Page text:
Its interesting to find one this obviously made and used for photos. I 2nd the thankyous to bricklink team on helping many many AFOLS to spend more and more money on Lego. I for one "own" 8 of these never released sets, purely by finding them on Brickset and either guessing parts / instructions or using the links. We don't care when or if it was available to the public... if there is a pic / inventory / instruction we can build. Thankyou again. Be interesting IF there was a People who own how many say they have, like me not 100% true but I have a 2nd flag called Made up the set.... so I know which I REALLY own and which I own the bits for..... result is the same on the shelf.

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By in United States,

I find it odd that Lego produces so many Police and Fire sets, yet rarely do we get a Hospital set worth shaking a stick at. The last couple hospitals have been horribly juniorized and undersized. The last "proper" hospital Lego has made came out in 1987, and even that one was smaller than the police and fire sets of the day.

When I read the title of the article, I figured that was what would be discussed. I would LOVE for the next modular to be a hospital.

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By in United States,

@natro220: I think it probably has something to do with fire and police play being very action-oriented and hospital play being less so. Even on TV, hospital dramas are light on action and heavy on suspense compared to a lot of police procedurals.

This isn't just about kids being action-obsessed either — less action-driven play is just trickier to integrate into a product in a way that will resonate with kids at a glance. Especially at the small scale of LEGO sets, it's a lot easier to act out a prison break, a car chase, or a fire than, say, a surgery, which involves people using tiny tools to perform precise actions rather than a whole lot of zooming around.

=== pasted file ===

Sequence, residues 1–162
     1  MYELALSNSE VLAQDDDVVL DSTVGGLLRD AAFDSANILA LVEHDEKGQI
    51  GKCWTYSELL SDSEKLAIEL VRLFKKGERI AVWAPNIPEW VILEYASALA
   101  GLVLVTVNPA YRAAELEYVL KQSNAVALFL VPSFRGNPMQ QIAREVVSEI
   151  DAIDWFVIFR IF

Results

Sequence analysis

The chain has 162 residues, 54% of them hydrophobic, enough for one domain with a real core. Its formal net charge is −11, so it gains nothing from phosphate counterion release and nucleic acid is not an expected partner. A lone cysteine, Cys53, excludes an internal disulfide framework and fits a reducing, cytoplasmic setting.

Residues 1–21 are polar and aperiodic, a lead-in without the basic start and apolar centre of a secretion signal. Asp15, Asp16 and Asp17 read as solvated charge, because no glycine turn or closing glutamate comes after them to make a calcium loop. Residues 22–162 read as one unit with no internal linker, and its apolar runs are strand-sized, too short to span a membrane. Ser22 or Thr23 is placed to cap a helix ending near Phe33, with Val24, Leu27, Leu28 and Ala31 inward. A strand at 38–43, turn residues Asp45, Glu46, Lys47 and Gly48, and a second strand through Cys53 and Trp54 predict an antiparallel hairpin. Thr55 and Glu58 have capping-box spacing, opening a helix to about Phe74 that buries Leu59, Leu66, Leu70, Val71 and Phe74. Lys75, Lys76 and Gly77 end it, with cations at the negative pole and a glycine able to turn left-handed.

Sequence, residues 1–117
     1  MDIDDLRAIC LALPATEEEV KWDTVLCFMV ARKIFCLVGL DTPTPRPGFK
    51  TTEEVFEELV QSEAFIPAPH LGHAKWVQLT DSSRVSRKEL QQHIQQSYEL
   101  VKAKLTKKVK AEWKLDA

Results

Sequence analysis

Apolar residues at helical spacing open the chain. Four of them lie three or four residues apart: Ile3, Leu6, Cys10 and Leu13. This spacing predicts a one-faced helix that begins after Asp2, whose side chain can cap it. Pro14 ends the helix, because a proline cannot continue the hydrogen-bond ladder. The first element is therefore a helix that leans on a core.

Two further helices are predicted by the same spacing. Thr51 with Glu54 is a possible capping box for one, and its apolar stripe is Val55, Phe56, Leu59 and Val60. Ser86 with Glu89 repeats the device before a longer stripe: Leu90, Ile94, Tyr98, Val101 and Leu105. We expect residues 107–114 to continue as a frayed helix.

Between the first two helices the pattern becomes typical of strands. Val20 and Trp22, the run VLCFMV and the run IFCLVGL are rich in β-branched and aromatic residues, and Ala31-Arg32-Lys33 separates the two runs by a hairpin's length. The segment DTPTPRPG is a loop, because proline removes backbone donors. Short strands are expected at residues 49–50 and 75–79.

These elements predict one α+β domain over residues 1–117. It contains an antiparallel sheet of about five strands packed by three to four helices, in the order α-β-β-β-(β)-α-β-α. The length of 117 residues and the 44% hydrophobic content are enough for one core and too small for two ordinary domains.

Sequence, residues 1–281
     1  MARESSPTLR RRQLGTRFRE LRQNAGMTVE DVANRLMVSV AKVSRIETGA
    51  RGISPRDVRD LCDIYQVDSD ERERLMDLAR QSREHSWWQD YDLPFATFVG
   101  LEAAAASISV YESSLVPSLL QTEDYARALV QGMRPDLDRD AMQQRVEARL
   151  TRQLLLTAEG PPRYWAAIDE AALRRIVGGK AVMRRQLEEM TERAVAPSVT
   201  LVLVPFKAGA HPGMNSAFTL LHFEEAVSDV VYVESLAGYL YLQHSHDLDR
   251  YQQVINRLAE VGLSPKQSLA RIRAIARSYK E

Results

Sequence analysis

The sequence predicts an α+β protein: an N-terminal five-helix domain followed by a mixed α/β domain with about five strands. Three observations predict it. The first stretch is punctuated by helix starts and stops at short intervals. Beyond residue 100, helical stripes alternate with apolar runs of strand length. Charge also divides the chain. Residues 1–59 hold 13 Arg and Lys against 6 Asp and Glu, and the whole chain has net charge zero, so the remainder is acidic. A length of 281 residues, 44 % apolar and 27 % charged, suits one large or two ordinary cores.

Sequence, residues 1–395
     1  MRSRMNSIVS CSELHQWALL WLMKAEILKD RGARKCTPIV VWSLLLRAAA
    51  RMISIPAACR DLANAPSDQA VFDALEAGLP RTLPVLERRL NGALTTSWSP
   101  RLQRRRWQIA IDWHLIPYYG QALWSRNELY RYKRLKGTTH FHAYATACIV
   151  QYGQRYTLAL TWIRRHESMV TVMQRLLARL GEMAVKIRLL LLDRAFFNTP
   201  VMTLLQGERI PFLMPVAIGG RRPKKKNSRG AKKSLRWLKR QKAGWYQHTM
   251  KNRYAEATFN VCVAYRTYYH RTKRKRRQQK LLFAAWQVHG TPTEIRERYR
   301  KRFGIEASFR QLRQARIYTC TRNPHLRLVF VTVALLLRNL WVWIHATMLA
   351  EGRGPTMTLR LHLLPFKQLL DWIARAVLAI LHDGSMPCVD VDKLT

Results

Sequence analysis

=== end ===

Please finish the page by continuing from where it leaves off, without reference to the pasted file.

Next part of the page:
People complained about http://brickset.com/sets/4429-1/Helicopter-Rescue being heavy on vehicles relative to the size of the building itself, but the vehicles add a lot more playability than it would have without them.

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By in United States,

Speaking of Hospitals, they should do an Advanced Model set of one. There are several Advances I've been waiting for them to bring. They normally do two sets a year. A building and something with an attraction to it. A Police Station would be a bit hard to do being it uses alot of vehicles with the City Police sets but others like even a Comic Book store or a Taci Co. Building maybe would be cool

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By in United States,

Speaking of hospitals, our Cities need one soon.

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By in United States,

@Aanchir - I agree Fire and Police provide more action. But a hospital could be ancillary to those themes...I mean, where do the people who get shot by the robber or burned by the fire go to get treatment? It just seems like the 3 go hand in hand, and instead of treating them equal, medical based sets either don't get made as often or get made to a lesser standard.